NEW YORK — Big companies spend roughly $15 billion  a year on external PR counsel, yet more than a third of their chief communicators aren’t satisfied with their agencies — and even those that are largely content have their share of gripes.

That, at least, is according to new research from the Institute for Public Relations and RFP Associates on big businesses’ agency selection processes — and their impact on the relationships, work and outcomes that ensue.

The study, on which CommunicationsMatch and Researchscape also partnered, found that, by and large, chief communications officers don’t put the same time and attention into finding a PR agency as they do into a search for an employee.

Fewer than 15% of the 89 senior communicators that participated in the survey said they use external resources to identify agencies, and 65% start their search with only two to five firms. Less than half, or 40%, of them check agency references.

All of which has an impact on the quality and longevity of their PR agency partnerships, as the study found a clear correlation between the thoroughness of an agency search and how well things ultimately pan out.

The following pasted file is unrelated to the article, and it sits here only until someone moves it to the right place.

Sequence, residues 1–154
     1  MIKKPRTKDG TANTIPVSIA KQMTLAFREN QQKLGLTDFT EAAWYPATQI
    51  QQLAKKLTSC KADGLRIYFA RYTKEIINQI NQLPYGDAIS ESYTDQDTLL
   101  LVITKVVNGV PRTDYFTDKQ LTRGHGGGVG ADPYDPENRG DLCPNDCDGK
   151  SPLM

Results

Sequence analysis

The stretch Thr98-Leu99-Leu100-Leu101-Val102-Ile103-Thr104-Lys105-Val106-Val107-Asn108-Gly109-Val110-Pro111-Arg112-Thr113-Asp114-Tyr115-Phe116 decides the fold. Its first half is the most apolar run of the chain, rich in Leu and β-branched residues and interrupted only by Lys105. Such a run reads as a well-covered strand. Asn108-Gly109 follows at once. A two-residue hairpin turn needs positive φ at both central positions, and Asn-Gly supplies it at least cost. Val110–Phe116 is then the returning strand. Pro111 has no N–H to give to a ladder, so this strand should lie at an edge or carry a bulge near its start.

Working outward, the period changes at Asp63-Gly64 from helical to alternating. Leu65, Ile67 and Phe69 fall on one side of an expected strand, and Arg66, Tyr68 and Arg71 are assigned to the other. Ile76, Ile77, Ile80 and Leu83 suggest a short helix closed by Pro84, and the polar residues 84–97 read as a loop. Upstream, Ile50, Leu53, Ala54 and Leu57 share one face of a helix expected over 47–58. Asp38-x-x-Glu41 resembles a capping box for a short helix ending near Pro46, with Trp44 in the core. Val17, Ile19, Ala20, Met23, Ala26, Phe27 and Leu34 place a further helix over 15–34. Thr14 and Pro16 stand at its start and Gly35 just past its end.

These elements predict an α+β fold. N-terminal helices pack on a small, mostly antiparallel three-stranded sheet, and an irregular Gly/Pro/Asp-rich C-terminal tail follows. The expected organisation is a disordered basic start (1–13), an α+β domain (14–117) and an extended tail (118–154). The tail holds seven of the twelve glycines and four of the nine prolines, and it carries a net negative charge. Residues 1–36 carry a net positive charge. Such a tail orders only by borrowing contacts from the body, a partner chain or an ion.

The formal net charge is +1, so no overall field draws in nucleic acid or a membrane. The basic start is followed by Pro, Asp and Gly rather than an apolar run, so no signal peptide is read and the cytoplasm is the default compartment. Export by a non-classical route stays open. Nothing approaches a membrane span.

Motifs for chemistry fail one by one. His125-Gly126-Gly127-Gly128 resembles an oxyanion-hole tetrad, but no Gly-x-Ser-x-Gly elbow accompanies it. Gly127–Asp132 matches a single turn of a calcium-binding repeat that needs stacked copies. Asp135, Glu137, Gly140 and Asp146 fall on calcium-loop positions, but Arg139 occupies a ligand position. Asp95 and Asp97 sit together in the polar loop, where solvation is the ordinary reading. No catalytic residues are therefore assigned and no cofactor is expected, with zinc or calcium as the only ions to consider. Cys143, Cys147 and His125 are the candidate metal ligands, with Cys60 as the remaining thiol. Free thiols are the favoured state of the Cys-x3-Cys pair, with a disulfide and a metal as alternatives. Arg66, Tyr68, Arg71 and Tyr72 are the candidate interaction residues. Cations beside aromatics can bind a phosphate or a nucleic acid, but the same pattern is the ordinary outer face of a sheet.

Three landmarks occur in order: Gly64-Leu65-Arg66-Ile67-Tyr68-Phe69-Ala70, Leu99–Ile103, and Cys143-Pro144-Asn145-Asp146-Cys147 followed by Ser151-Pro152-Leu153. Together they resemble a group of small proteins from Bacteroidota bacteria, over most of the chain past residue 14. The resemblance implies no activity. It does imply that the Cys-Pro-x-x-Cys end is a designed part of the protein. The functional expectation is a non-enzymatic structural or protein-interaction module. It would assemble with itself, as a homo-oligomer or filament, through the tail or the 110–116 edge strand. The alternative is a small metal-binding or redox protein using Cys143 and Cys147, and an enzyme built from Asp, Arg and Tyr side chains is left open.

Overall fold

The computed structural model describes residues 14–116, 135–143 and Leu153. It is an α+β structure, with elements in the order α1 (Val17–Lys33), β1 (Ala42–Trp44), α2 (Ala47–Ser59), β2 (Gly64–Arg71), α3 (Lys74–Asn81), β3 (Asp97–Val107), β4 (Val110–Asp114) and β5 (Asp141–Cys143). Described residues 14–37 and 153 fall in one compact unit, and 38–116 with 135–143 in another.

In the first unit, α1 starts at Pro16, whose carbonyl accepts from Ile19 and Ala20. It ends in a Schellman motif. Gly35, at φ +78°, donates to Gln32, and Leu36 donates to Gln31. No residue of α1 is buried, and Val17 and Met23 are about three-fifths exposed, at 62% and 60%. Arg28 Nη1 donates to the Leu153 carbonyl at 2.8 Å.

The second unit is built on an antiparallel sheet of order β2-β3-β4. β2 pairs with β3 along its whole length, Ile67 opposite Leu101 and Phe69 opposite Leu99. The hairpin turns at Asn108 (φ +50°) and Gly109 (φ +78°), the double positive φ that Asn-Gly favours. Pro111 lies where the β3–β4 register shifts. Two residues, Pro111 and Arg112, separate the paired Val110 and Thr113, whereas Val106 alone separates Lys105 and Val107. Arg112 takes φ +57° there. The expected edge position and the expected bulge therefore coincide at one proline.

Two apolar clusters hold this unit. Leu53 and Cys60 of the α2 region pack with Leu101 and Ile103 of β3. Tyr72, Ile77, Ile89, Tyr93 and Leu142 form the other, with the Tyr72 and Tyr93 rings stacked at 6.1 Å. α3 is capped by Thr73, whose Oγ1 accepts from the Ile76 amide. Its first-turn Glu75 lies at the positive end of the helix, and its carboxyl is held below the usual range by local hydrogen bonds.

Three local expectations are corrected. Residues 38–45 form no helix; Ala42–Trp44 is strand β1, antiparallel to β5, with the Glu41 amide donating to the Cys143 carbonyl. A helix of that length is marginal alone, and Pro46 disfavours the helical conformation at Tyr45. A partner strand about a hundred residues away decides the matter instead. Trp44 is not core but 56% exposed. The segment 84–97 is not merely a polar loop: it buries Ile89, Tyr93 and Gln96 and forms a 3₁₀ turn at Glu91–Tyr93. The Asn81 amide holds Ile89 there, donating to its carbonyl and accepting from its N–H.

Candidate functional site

35% of respondents reported not being satisfied with the agency they hired. And clients were less satisfied with agencies with higher budgets. 50% of the respondents who were “moderately,” “slightly,” or “not at all” satisfied with agencies paid more than $1 million annually.

On the other hand, 65% said they are “very” or “completely” satisfied with their primary agency — though even those relationships are fraught. Respondents were less satisfied with particular components of their agencies’ performance surrounding proactivity, account coordination, quality, staff turnover and meeting objectives, budget expectations and deadlines.

The study also found that the more content companies are with their PR agencies, the more likely they are to keep them. 30% of respondents had worked with the same agency for more than four years; 30% for three to four years; 27% for one to two years; and 14% for less than a year.

Those sorts of results, the study said, show that it behooves companies to step up their game when it comes to hiring an agency, as it will positively impact everything from the day-to-day works of the partnership to the outcomes of the work they produce.

Starting with a bigger pool of candidates and using RFPs in searches are among the best practices from which companies can benefit. So are rating agencies fairly using a balanced scorecard and using resources from online databases to agency search experts as guidance, the report said.